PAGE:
KEVIN McNULTY, District Judge.
The petitioner, Mario Castro-Diaz, is a citizen of Peru who has been ordered removed from the United States. He is currently detained at the Essex County Correctional Facility in Newark, New Jersey. Mr. Castro-Diaz, appearing pro se, has filed in this Court a petition for a writ of habeas corpus pursuant to 28 U.S.C. § 2241. The petition challenges the order of removal and also argues that he is entitled to a bond hearing. To the extent that the petition challenges the order of removal, this Court lacks jurisdiction over it; this claim will be severed and transferred to the United States Court of Appeals for the Third Circuit. The remainder of the petition will remain in this Court, but will be administratively terminated without prejudice, because Mr. Castro-Diaz has failed to either pay the Court's filing fee or to submit a complete application to proceed in forma pauperis. If and when that deficiency is corrected, this Court will hear the remaining claim.
Mr. Castro-Diaz was released from the Ocean County Jail after completing service of a sentence for two counts of child neglect. On June 14, 2013, an Immigration Judge ordered that Mr. Castro-Diaz be removed from the United States. The Board of Immigration Appeals ("BIA") affirmed the decision of the Immigration Judge on October 15, 2013.
On November 13, 2013, Mr. Castro-Diaz filed the current habeas petition in this Court by delivering it to the prison authorities for mailing. See Houston v. Lack, 487 U.S. 266, 276 (1988). His petition seeks judicial review of the order of removal and a bond hearing.
III. STANDARD FOR SUA SPONTE REVIEW
The relevant statute, 28 U.S.C. § 2243, provides for the Court's initial screening of a habeas petition:
A court, justice or judge entertaining an application for a writ of habeas corpus shall forthwith award the writ or issue an order directing the respondent to show cause why the writ should not be granted, unless it appears from the application that the applicant or person detained is not entitled thereto.
Because Mr. Castro-Diaz is proceeding pro se, his petition is held to less stringent standards than a pleading drafted by a lawyer. See Rainey v. Varner, 603 F.3d 189, 198 (3d Cir. 2010) ("It is the policy of the courts to give a liberal construction to pro se habeas petitions.") (internal quotation marks and citation omitted); United States v. Otero, 502 F.3d 331, 334 (3d Cir. 2007) ("[W]e construe pro se pleadings liberally.") (citing Haines v. Kerner, 404 U.S. 519, 520 (1972)). Nevertheless, "a district court is authorized to dismiss a habeas petition summarily when it plainly appears from the face of the petition and any exhibits annexed to it that the petitioner is not entitled to relief in the district court." Lonchar v. Thomas, 517 U.S. 314, 320 (1996).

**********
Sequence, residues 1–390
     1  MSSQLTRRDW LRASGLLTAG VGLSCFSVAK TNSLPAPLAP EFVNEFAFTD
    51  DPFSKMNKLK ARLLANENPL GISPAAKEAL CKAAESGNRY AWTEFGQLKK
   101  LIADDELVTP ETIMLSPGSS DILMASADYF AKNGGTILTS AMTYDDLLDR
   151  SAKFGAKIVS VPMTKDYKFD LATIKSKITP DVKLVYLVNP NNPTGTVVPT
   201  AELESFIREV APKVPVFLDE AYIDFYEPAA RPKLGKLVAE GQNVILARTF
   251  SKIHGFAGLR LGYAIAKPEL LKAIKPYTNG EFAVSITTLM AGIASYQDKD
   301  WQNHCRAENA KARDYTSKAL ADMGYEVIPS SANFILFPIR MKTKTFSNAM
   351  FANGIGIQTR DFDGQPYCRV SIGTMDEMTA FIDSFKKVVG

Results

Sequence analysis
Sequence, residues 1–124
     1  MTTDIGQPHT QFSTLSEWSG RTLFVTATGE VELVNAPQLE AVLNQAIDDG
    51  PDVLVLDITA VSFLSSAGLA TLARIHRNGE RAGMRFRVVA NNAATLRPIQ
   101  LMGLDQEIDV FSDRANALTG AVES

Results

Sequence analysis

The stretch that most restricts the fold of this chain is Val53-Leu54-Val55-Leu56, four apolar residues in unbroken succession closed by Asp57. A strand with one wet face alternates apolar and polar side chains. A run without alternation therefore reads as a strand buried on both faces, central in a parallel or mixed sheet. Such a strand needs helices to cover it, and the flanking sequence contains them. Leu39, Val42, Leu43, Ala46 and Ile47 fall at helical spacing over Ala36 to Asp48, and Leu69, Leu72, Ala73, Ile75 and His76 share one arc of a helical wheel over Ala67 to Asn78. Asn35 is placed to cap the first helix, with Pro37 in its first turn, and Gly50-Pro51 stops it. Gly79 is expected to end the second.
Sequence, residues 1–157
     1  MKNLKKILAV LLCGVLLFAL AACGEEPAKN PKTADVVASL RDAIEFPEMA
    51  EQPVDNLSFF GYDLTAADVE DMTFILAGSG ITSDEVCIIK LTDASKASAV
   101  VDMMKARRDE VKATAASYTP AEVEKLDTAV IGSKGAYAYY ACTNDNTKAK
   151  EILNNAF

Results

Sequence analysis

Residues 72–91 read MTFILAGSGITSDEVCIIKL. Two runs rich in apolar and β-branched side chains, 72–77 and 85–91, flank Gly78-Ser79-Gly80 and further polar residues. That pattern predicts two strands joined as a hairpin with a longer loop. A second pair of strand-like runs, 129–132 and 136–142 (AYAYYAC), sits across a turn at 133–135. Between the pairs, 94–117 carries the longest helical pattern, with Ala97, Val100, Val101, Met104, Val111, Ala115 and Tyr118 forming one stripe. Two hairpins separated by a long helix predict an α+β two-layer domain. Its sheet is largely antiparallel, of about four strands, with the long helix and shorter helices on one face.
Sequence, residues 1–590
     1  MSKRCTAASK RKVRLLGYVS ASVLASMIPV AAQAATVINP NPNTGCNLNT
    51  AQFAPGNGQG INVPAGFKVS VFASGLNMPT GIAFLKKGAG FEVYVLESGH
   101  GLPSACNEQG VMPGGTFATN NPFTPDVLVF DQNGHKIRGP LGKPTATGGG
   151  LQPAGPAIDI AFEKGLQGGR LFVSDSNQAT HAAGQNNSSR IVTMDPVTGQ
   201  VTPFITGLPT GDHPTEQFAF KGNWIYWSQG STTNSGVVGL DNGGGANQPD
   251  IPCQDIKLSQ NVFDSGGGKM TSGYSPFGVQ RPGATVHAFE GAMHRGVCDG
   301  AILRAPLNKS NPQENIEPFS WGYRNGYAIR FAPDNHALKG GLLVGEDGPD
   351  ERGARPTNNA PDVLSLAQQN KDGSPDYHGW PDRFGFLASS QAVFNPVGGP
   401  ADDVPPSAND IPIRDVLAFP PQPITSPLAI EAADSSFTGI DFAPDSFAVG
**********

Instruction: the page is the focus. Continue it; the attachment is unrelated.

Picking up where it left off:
A. Challenge to Removal
Mr. Castro-Diaz's petition expressly asks this Court to review the legality of his order of removal. The REAL ID Act, enacted May 11, 2005, effectively strips district courts of jurisdiction over habeas petitions for review of orders of removal, and lodges exclusive jurisdiction in the Courts of Appeals:
Notwithstanding any other provision of law (statutory or nonstatutory), including section 2241 of Title 28, or any other habeas corpus provision, and sections 1361 and 1651 of such title, a petition for review filed with an appropriate court of appeals in accordance with this section shall he the sole and exclusive means for judicial review of an order of removal entered or issued under any provision of this chapter, except as provided in subsection (e) of this section. For purposes of this chapter, in every provision that limits or eliminates judicial review or jurisdiction to review, the terms "judicial review" and "jurisdiction to review" include habeas corpus review pursuant to ...